Murray on Brown, 'Meade at Gettysburg: A Study in Command'

Kent Masterson Brown
Jennifer Murray

Kent Masterson Brown. Meade at Gettysburg: A Study in Command. Civil War America Series. Chapel Hill: University of North Carolina Press, 2021. 488 pp. $35.00 (cloth), ISBN 978-1-4696-6199-5

Reviewed by Jennifer Murray (Oklahoma State University) Published on H-CivWar (November, 2021) Commissioned by G. David Schieffler (Crowder College)

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Scholars have devoted more attention to the Gettysburg Campaign than any other battle in American history. Approximately eighteen thousand full-length monographs have been written on the Battle of Gettysburg, evaluating, dissecting, or reevaluating the three-day (July 1-3, 1863) battle between Major General George Gordon Meade’s Army of the Potomac and General Robert E. Lee’s Army of Northern Virginia. Although it would be tempting to argue that scholars have seemingly explored every facet, sometimes in excruciating detail, of Gettysburg, crucial gaps in the battle’s narrative and historiography remain. In Meade at Gettysburg: A Study in Command, Kent Masterson Brown offers the first comprehensive study of General Meade’s leadership during the Gettysburg Campaign, June 28-July 14, 1863, and rightfully inserts Meade’s role in Union victory.

Indeed, history has not been kind to Meade. Although he commanded the Army of the Potomac longer than any other general and led the army to its first victory at Gettysburg, Meade came to be overshadowed by his contemporaries, namely, Ulysses S. Grant and William T. Sherman, and has been too often neglected by Civil War historians. In 1960, Freeman Cleaves produced the first modern full-length biography of Meade, titled Meade of Gettysburg. Since then, a few additional Meade works have been published, including Ethan Rafuse’s George Gordon Meade and the War in the East (2003), Tom Huntington’s Searching For George Gordon Meade: The Forgotten Victor of Gettysburg (2013), and John Selby’s Meade: The Price of Command, 1863–1865 (2018), which explores the general’s tenure as commander of the Army of the Potomac. As the title suggests, Brown’s book is not a comprehensive treatment of Meade’s Civil War career but a study of his leadership during the Gettysburg Campaign, the general’s signature victory.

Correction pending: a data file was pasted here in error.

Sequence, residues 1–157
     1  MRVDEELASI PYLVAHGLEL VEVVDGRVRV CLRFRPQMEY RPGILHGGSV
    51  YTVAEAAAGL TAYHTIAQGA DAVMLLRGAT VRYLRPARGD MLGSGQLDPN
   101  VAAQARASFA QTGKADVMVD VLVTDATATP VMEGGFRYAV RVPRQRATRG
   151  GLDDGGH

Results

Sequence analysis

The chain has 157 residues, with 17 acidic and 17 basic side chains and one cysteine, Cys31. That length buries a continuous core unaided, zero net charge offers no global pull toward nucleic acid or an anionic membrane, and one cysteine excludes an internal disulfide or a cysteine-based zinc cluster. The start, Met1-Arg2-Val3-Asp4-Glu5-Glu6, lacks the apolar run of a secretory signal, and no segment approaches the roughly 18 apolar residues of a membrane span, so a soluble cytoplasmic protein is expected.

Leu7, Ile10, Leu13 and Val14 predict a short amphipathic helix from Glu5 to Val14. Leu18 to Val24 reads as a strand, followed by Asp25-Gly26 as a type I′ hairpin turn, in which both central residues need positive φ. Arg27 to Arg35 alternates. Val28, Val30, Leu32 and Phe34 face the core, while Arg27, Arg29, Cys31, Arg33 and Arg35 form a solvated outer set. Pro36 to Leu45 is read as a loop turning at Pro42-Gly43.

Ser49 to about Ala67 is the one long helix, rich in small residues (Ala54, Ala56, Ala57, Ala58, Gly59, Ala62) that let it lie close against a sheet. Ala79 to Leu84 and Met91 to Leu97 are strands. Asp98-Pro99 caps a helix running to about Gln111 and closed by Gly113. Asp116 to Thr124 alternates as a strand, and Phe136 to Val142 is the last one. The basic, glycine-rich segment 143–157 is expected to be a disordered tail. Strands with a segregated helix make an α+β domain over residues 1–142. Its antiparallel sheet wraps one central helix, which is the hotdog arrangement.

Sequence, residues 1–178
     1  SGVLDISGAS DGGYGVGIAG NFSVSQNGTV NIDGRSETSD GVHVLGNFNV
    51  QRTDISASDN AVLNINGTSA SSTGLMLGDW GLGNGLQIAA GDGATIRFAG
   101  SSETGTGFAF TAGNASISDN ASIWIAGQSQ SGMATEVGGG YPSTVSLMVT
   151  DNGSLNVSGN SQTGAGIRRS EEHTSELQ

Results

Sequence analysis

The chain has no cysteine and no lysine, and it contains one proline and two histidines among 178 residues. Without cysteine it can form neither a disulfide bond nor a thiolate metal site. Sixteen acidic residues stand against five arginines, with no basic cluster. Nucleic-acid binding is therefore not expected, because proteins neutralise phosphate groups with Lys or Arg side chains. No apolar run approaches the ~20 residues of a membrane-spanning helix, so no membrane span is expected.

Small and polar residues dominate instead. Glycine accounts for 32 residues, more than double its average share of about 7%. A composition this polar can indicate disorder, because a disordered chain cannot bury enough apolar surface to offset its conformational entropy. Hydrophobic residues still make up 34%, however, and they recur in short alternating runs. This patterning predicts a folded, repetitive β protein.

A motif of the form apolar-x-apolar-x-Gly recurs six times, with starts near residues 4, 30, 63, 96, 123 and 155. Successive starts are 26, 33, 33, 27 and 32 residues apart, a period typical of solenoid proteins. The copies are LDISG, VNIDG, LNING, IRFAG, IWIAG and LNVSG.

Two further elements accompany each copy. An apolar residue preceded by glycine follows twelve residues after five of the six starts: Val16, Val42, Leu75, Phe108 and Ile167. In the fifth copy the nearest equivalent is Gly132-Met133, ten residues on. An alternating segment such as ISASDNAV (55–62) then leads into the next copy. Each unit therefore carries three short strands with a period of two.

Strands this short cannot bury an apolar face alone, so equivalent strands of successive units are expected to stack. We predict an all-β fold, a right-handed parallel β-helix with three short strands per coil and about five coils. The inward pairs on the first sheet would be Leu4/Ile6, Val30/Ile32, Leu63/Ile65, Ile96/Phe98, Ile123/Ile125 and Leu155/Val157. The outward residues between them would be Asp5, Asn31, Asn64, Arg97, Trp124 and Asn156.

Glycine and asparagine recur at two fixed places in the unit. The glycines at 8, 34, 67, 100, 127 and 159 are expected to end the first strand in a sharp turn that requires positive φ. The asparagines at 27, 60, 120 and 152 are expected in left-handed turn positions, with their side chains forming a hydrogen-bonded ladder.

Brown devotes ten of his nineteen chapters to the campaign and opening day of the battle. In these chapters, he addresses some of the most popular canards of Meade’s generalship, including the controversial Pipe Creek Circular and the purpose of Major General John F. Reynolds’s advance on the morning of July 1. Reynolds, Brown asserts, was to “advance on Gettysburg” but was not ordered to occupy the town (p. 97). Instead, Meade envisioned Reynolds, then in command of the army’s left wing, which constituted three infantry corps, to lure Lee’s forces back to Emmitsburg, Maryland, approximately ten miles south of Gettysburg. There, Meade could establish a defensive position along the Pipe Creek line and fight Lee on the ground of his choosing.

Brown’s Meade was a thoughtful disciple of nineteenth-century military theorists, particularly Carl von Clausewitz and West Point’s Dennis Hart Mahan. This is most apparent in Brown’s interpretation of Meade’s command on June 30 and July 1. Reynolds’s purpose on July 1 was a reconnaissance-in-force. “Meade’s operational plan for the left wing of the army was straight out of Clausewitz’s treatise and from the tutelage of Meade’s and Reynolds’s professor Dennis Hart Mahan; it was the classic operational use of an advance corps” (p. 105). Considering that military historians have questioned, if not downplayed, the influence of Clausewitz or France’s Antoine-Henri Jomini’s philosophies on the Civil War, some readers might find these efforts to contextualize Meade’s operational planning less convincing. Ultimately, because of Reynolds’s “impulsive judgment,” Meade’s intentions to use an advance corps to lure Lee into a more favorable position to offer battle failed and left two of the army’s corps (the First and Eleventh) shattered (p. 149).